A new photography exhibit opens this week at the Wabaunsee County Historical Society Museum in Alma, featuring the work of Kansas photographer and designer, Tom Parish. Kratzer and Parish: Volland Then and Now. A Re-Photography Exhibit by Tom Parish features thirteen ghostly photographs of Volland, Kansas which merge black-and-white photos containing faces and places from the past with vivid color views of Volland, today.
Parish’s images are a product of carefully planning and execution by the Flint Hills photographer who photographs current landscape views from the exact perspective and position that Volland shopkeeper and photographer, Otto Kratzer took a century ago. Parish selected a score of century-old photographic images by Kratzer and positioned his digital Nikon camera carefully to capture the current view in those same locations.
Many of Parish’s photographs exhibit an ultra-wide perspective, a technique achieved by creating multiple images, often six or eight photos taken from the single location. Then, Parish digitally “stitches” the photographs together, seamlessly, to create an extremely sharp, vivid wide-angle view as the eye would see. Once the landscape or background photograph is created, Parish then overlays the historic image over the modern photo, matching the details of buildings brick-by-brick and board-by-board.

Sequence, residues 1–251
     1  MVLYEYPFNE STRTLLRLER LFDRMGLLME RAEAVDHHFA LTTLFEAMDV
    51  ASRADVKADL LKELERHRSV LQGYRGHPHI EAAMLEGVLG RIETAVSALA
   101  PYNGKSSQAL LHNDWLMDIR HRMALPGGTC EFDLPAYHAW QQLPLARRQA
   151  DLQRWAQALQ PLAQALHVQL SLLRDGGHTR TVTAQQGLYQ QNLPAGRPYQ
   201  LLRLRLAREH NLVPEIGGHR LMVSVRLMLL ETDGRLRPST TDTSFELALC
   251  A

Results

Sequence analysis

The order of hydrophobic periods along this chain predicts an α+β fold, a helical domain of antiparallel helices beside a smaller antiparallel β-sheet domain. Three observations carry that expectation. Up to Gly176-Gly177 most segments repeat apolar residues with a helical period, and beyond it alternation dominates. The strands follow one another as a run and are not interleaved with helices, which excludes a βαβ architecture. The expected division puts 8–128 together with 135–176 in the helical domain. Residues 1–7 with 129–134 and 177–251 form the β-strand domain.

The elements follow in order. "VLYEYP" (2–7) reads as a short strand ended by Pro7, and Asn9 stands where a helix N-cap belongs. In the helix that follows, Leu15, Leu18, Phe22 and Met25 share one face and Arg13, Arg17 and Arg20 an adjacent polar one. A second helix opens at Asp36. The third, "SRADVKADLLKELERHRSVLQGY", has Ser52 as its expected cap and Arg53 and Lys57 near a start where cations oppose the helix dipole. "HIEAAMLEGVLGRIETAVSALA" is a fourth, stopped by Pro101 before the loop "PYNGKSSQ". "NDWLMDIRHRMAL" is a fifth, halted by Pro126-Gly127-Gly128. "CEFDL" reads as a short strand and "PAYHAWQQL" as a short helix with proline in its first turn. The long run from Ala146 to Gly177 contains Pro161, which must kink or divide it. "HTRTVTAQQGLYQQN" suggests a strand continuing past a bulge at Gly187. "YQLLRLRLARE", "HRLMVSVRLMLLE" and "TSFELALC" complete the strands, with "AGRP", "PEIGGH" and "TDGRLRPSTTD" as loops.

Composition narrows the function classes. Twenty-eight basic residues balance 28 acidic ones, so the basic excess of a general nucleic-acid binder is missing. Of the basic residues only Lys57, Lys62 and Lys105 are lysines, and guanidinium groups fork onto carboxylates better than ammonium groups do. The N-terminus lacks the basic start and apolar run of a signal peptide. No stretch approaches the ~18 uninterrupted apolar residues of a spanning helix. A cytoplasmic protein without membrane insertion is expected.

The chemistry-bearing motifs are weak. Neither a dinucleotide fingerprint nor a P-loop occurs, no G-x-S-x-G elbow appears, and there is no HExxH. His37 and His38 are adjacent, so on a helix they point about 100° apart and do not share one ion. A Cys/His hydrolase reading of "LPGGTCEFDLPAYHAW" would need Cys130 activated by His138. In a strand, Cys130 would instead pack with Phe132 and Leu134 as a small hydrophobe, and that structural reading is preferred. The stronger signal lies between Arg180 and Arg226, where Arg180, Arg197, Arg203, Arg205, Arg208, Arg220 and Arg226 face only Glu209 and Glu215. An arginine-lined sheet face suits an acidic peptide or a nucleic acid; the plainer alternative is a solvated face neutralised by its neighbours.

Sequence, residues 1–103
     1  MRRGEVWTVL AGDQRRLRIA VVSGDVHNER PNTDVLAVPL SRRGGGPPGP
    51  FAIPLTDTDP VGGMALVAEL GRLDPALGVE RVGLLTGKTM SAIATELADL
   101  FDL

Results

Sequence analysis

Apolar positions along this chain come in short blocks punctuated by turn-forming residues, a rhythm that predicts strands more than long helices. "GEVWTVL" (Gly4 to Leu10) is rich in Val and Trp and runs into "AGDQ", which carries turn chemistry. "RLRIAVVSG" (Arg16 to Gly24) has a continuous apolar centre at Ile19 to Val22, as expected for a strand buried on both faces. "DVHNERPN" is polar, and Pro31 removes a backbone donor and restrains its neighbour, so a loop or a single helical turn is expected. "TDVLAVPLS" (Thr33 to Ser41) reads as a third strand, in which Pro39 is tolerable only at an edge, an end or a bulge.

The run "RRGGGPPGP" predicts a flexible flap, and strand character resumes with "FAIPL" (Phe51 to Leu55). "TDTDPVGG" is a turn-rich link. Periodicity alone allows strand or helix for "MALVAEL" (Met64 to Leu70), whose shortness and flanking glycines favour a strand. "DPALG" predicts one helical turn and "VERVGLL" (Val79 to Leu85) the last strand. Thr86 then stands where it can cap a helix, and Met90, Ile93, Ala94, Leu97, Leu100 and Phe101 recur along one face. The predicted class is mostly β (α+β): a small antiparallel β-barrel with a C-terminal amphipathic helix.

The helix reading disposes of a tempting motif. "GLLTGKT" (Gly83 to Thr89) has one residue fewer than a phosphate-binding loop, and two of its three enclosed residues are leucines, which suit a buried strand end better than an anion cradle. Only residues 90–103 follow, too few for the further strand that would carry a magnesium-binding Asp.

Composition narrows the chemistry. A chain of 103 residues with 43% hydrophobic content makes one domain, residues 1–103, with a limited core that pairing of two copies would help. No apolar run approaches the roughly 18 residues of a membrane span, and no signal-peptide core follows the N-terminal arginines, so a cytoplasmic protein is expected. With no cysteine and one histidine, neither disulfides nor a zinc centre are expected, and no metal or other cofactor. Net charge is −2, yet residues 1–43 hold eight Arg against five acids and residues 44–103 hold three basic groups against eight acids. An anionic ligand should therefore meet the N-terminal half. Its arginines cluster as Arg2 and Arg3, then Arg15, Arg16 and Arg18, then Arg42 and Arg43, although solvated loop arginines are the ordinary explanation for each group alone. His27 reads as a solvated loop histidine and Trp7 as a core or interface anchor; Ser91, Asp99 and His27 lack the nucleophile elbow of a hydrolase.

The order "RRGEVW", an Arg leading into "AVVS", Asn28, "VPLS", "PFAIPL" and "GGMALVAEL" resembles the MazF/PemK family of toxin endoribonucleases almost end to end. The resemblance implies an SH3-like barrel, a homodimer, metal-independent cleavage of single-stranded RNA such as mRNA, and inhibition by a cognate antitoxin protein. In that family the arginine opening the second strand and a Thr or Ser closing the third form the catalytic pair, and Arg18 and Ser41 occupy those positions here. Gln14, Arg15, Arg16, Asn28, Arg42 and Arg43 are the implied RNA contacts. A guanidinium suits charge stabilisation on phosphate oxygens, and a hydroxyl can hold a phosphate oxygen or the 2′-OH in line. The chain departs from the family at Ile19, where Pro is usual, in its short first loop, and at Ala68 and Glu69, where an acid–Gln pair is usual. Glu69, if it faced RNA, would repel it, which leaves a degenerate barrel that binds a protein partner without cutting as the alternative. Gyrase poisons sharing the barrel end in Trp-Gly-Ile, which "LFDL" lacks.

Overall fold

In the thirteen photographs included in Parish’s show, eerie images of people and places from Volland’s past appear as a part of the modern landscape, providing a clear window to the ghost town’s history. Before coming to the museum gallery, Parish’s re-photography show was featured at The Volland Store gallery.
Parish is well-known for his 360-degree view photography of underground caves and cellars in the Flint Hills.